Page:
It all began in the early 1990s, when producers Peggy Rajski and Randy Stone saw a one-man show by actor-writer James Lecesne that included the character of a 13-year-old boy named Trevor. The two invited Lecesne to adapt Trevor’s story into a screenplay, and Rajski proceeded to direct a 17-minute movie bearing the boy’s name that went on to win the 1994 Academy Award for best live action short film.
‘Trevor the musical’
When: Through Sept. 17e
Where: Writers Theatre, 325 Tudor Court, Glencoe
A passionate fan of Diana Ross, who confides in his diary about his adoration for the pop diva, Trevor also has a crush on his schoolmate, Pinky Faraday, a popular athlete. When that crush is discovered he is outed as gay, loses Pinky’s friendship, endures conversations with his clueless parents and a local priest, and ultimately comes to feel that suicide is the only answer. The Oscar-winning film ultimately became the catalyst for a national movement known as The Trevor Project, and the establishment of the first 24-hour crisis intervention and suicide prevention lifeline for lesbian, gay, bisexual, transgender and questioning youth.
Fast forward to more recent years when U Rock Theatricals, a New York-based producing entity, decided “Trevor” had potential as a musical, eventually selecting Dan Collins (book and lyrics) and Julianne Wick Davis (music) for the project. The pair had already teamed on “Southern Comfort” (a musical based on a documentary about a group of transgender friends living in the back hills of rural Georgia that was produced at the Public Theater in 2016). Marc Bruni, who directed “Beautiful: The Carole King Musical” on Broadway, was brought on board, and over a period of three years oversaw three readings of “Trevor.”
Now comes the show’s world premiere at Glencoe’s Writers Theatre, where Bruni will be joined by choreographer Josh Prince, music director Matt Deitchman, and a cast led by two young New York actors — Eli Tokash as Trevor (with Graydon Peter Yosowitz sharing title role duties at matinees). Salisha Thomas (one of The Shirelles in Broadway’s “Beautiful”) will play Diana Ross, with Chicago actors Sophie Grimm and Jarrod Zimmerman as Trevor’s parents and other adults, plus 14 additional young local actors (including Matthew Uzaragga as Walter, Trevor’s science-obsessed best friend, and Declan Desmond as Pinky), as schoolmates.
“This show puts a whole lot on the shoulders of the kids,” said Bruni, who was a child actor himself. “We went through three sets of middle school kids over three years when we did the readings because they aged out of their roles quite quickly, and the character of Trevor was written for an unchanged voice. Luckily our run at Writers is short enough so there should be no growth spurts.”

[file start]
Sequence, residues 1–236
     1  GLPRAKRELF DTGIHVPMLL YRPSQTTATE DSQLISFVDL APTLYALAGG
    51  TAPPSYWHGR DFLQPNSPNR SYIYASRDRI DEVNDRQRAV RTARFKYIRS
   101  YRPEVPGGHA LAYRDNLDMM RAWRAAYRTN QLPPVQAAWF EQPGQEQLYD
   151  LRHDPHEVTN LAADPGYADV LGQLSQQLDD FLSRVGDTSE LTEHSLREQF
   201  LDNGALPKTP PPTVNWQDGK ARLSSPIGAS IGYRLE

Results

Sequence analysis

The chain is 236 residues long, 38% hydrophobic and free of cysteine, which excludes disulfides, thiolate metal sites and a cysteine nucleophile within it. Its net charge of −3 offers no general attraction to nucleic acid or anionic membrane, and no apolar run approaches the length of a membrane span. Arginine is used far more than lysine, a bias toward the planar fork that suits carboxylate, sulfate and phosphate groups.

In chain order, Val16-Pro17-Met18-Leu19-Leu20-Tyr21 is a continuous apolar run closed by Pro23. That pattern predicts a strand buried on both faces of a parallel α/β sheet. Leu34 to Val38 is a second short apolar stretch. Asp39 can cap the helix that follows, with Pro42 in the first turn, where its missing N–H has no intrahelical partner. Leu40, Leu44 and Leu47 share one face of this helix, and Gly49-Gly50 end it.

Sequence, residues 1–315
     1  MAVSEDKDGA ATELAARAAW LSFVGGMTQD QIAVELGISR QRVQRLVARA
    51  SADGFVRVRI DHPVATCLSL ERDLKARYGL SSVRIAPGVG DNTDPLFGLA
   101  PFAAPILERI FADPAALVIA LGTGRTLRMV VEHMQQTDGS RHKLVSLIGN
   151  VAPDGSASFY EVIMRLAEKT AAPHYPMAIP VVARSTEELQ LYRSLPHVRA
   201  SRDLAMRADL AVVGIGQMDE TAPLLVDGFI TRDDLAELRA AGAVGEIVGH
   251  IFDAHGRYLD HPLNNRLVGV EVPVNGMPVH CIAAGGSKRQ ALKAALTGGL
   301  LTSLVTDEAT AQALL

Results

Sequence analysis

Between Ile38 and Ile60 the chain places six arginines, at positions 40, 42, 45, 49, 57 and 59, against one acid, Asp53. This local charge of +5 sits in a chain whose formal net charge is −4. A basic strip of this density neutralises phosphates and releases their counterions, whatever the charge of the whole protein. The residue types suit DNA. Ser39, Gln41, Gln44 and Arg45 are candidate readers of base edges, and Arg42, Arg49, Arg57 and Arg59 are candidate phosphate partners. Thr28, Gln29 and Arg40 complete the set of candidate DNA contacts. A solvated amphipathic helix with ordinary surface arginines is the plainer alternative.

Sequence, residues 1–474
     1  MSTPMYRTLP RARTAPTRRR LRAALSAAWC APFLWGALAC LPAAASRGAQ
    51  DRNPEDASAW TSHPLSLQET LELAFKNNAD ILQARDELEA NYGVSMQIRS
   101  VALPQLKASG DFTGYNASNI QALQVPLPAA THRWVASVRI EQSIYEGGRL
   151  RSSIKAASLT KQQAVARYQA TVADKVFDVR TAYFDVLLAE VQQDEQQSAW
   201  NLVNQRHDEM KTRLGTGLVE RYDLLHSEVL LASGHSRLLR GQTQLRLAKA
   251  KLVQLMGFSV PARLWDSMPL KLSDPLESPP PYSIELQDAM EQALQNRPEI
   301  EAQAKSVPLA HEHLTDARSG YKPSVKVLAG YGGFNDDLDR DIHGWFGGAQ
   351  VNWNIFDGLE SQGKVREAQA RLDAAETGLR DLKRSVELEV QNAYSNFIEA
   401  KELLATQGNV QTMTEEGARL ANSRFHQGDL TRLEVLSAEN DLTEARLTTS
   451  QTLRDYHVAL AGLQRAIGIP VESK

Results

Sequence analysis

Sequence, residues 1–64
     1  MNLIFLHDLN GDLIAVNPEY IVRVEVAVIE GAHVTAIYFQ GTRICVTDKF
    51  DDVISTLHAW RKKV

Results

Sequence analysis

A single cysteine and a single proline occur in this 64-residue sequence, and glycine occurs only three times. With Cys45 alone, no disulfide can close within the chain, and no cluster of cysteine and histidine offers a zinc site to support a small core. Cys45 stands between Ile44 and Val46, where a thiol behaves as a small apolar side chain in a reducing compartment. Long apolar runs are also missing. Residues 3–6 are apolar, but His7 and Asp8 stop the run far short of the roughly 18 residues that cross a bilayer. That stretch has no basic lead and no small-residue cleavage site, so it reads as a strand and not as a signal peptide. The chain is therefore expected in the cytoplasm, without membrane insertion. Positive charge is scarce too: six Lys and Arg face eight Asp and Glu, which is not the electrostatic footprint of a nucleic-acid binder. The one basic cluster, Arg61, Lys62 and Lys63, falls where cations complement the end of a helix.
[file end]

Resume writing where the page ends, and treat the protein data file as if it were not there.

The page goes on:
“The main goal of the Writers production is to see the musical on its feet for the first time, with all the visuals, and with the development of the movement vocabulary, which is a big part of this show because Trevor has such a wonderful imagination,” added Bruni. “That vocabulary is rooted in the dance of the late 1970s and early ’80s, which he could have seen on TV, but there also is movement that suggests how he feels invisible, and so shunned in the halls of his school.
“The story is set in a Midwest town in 1981. Ronald Reagan was just elected president, AIDS was not yet identified, and this was a time when ‘gay’ wasn’t even a widely used term. In fact, Trevor doesn’t have the language for sexual discovery. He has no role models, and no real sense of what is going on. This is quite different from the kids we are working with now, who are incredibly sophisticated about these things, full of energy and heart, and [who] can’t wait to tell the story, though they never knew the world when none of this was okay.”
So, how do you expand a 17-minute film into a full-length musical?
“The show is written in a contemporary musical theater style — not a pastiche or send-up of the era in which it is set,” said Bruni. “The characters have been more fully developed. And about one-third of the score is comprised of Diana Ross’ songbook, which Trevor lip-syncs.”
As for mass appeal: “Everyone has an awkward coming of age moment, even if it’s just a matter of being passionate about something the rest of the kids in your school couldn’t care less about,” said Bruni. “I was the kid rehearsing for the school plays while everyone else was playing soccer.”
NOTE: Writers Theater has posted an advisory on its website, which reads: “This production is intended for audiences aged 13 and up, and contains themes of sexuality and self-harm.”